Milwaukee Police, Mayor Are Among Those Denouncing Plan To Send Federal Agents To City

Governor, Attorney General, Milwaukee County Executive Have Also Registered Opposition

Federal officers advance on demonstrators during a Black Lives Matter protest at the Mark O. Hatfield United States Courthouse Friday, July 24, 2020, in Portland, Ore. Marcio Jose Sanchez/AP Photos

Milwaukee leaders including Mayor Tom Barrett and the police department are among those criticizing a White House plan to send federal agents to the city within the next three weeks.

Milwaukee is one of five cities that will see a surge of federal officers in coming weeks as part of President Donald Trump’s “Operation Legend” to combat crime. The White House said the influx of agents is in response to a rise in violence in the city.

The announcement has been criticized across the state by officials including Attorney General Josh Kaul and Lt. Gov. Mandela Barnes, who are concerned after federal agents used violent force against protesters in Portland, Oregon.

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“I maintain that this is a very ridiculous decision and this is a president that is trying to save himself,” Barnes said during a call with WPR Friday. “The last thing we need is more militarized presence at a time like this, and on top of all of that, I just don’t trust the president. If (Portland) was the pilot program, we’re all in trouble. The mayor of Portland, the governor of Oregon and two state senators have all called for the removal of these federal officers.”

Milwaukee Mayor Tom Barrett agreed, saying given what has taken place in Portland, he’s worried about his city.

“I am extremely concerned that President Trump is looking for opportunities to create more political division in cities across the nation,” Barrett said. “Federal agents are not welcome here for that purpose.”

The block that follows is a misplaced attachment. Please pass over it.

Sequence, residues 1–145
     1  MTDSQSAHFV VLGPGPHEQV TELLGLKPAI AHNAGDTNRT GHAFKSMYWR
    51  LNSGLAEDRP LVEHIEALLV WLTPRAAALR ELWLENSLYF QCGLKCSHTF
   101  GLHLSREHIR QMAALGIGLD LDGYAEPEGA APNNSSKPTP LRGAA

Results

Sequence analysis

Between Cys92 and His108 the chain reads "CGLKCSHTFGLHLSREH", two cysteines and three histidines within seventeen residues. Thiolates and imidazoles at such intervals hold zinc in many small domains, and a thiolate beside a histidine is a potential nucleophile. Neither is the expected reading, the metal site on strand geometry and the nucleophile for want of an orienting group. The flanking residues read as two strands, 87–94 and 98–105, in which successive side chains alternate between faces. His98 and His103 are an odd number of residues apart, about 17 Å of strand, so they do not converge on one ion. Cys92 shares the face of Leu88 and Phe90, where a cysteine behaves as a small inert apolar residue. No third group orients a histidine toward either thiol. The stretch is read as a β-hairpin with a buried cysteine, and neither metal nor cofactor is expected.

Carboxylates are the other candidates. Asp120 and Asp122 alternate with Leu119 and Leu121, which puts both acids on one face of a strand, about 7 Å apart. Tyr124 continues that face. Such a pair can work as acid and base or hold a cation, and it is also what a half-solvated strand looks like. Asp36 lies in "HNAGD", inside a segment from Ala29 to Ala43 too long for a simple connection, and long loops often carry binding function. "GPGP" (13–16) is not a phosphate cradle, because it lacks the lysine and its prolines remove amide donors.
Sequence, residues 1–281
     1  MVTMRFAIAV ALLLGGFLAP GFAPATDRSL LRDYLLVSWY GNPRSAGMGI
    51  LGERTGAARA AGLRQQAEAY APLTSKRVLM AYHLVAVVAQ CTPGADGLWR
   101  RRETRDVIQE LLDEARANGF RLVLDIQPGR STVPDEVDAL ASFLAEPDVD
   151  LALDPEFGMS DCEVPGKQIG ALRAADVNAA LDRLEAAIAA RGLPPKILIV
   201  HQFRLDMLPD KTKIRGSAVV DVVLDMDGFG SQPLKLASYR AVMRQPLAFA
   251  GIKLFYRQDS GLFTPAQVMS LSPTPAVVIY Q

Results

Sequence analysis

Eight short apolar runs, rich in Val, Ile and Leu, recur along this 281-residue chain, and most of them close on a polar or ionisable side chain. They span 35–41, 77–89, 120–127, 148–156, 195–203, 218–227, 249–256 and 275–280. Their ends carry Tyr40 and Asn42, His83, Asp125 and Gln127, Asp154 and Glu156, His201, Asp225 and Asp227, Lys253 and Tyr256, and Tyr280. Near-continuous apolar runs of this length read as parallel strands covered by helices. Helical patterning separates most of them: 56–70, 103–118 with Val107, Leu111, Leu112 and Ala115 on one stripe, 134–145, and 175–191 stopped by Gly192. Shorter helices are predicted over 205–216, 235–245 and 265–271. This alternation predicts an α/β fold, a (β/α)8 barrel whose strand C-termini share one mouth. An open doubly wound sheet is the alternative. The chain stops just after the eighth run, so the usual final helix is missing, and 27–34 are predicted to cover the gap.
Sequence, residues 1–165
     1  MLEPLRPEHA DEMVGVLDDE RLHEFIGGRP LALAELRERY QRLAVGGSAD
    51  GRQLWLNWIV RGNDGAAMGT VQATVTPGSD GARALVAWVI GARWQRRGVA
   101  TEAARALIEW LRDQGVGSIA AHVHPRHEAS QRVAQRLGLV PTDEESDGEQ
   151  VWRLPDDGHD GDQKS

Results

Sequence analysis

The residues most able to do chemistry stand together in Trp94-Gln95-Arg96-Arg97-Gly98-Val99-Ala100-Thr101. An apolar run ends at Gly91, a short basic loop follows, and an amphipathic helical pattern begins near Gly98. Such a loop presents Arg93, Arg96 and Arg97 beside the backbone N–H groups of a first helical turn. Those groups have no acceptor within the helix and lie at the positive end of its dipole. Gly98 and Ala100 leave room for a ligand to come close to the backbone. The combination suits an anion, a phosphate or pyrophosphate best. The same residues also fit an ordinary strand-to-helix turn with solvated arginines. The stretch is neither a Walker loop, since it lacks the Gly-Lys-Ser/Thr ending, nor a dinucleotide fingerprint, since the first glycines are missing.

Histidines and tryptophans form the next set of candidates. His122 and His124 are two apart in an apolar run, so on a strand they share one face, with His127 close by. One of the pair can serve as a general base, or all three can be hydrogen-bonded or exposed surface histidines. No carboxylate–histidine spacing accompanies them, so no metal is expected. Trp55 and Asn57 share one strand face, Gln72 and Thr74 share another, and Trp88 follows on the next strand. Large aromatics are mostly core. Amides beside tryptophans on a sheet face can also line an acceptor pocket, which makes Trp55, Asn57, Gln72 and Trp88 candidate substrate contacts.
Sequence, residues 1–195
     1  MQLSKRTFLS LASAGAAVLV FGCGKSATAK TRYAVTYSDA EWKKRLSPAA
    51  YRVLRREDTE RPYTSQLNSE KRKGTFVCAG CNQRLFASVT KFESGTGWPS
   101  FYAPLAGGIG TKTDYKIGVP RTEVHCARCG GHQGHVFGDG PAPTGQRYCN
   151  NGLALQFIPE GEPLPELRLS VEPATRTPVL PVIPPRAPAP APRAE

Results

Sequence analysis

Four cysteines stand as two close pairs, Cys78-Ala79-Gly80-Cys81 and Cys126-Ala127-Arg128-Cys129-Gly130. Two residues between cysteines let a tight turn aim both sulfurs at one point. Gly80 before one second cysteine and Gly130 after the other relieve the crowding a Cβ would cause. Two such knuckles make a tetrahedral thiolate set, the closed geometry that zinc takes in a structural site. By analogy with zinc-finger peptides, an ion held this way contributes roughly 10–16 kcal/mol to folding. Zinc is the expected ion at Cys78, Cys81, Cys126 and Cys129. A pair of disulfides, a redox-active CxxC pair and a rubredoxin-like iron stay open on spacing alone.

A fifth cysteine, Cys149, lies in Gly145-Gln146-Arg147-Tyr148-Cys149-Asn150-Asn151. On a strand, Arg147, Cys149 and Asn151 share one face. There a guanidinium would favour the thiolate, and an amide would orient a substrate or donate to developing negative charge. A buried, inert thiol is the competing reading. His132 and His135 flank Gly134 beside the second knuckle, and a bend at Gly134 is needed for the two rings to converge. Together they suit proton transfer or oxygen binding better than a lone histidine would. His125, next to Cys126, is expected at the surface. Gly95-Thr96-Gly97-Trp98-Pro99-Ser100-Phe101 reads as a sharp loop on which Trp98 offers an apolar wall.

Operation Legend was formerly “Operation Relentless Pursuit,” a program launched late last year to address violent crime, drug trafficking and the illegal use of firearms. Officials recently renamed the project after LeGend Taliferro, a 4-year-old who died from gunfire in Kansas City, Missouri this June.

When the project launched, Barrett and the Milwaukee Police Department supported the effort and the city was granted $9.7 million as part of the program. The department said in a statement on Thursday that “despite the name change, the focus of this operation remains the same, and we remain committed to our partnership.”

However, the department does not want federal agents coming to Milwaukee.

“The Milwaukee Police Department respectfully declines the deployment of federal agents in Milwaukee for this purpose. We look forward to continuing to work with our federal partners on other joint initiatives such as those addressing violent crime, drug trafficking, internet crimes against children, and human trafficking,” the statement says.

Milwaukee has had a violent year. Homicides in the city are double what they were in 2019. The number of non-fatal shootings are up as well.

Milwaukee County Executive David Crowley has also said he doesn’t understand why the agents are coming.

“I think it would be harmful, more of an escalator,” Crowley said when asked about the federal plan during a coronavirus briefing Thursday. “We have seen them in Portland. We have been able to talk and have conversations locally, and when you have seen protests in Milwaukee County, they have been extremely peaceful.”

Gov. Tony Evers has likewise denounced the plan. He sent a letter to Trump this week expressing his concern about federal agents coming to Milwaukee.

“This is a vital moment in history as folks across the country confront the structural racism that has created inequalities for far too long,” the letter states. “This is not a moment to double down and unnecessarily increase police presence, especially without invitation.”

Wisconsin Attorney General Josh Kaul said under ordinary circumstances, he would welcome assistance from federal resources to help solve and prevent violent crimes in Wisconsin, but the Trump administration needs to be met with great skepticism.

“I don’t use the phrase ‘fascist tactics’ lightly. But there is no more accurate way to describe this administration’s repeated resort to and incitement of racism, xenophobia, and violence,” Kaul said in a statement.

Meanwhile, the Milwaukee Common Council will vote Tuesday to support an ordinance that would require federal law enforcement officers to wear visible identification markers while on duty.

“In light of the federal government’s recent actions in Portland and the imminent suggestion that they may do the same in other cities, including Milwaukee, I want this city to be on record in support of legislation that curbs this behavior and aids in transparency,” Alderwoman Milele Coggs said in a written statement.